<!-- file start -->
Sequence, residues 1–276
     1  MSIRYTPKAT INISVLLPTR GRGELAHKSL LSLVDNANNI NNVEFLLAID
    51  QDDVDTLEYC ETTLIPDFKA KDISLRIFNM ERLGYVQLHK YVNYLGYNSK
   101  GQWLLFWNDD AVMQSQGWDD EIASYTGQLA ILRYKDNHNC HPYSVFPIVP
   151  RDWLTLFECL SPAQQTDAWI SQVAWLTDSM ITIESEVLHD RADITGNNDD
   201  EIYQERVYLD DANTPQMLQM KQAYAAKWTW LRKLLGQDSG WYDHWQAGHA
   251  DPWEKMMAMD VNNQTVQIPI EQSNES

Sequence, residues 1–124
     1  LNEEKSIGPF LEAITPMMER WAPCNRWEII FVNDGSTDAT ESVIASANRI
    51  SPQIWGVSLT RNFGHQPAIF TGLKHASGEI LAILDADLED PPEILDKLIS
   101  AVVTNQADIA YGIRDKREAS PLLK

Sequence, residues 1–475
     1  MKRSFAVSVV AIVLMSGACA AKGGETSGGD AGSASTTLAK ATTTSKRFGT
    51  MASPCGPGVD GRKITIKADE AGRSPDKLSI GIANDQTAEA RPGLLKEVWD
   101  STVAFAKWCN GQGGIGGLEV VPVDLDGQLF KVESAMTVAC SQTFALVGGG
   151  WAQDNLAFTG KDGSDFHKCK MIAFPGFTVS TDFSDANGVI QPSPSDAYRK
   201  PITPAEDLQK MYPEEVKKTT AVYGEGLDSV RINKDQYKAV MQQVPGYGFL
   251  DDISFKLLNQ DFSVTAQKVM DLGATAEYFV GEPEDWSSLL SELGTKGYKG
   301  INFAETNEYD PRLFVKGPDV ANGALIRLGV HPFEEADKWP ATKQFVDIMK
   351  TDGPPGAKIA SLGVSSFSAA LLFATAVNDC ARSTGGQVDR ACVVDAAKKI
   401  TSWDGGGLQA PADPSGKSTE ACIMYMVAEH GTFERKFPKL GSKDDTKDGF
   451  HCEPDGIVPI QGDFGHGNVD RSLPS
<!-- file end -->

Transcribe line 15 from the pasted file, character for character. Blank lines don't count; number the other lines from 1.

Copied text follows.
   101  STVAFAKWCN GQGGIGGLEV VPVDLDGQLF KVESAMTVAC SQTFALVGGG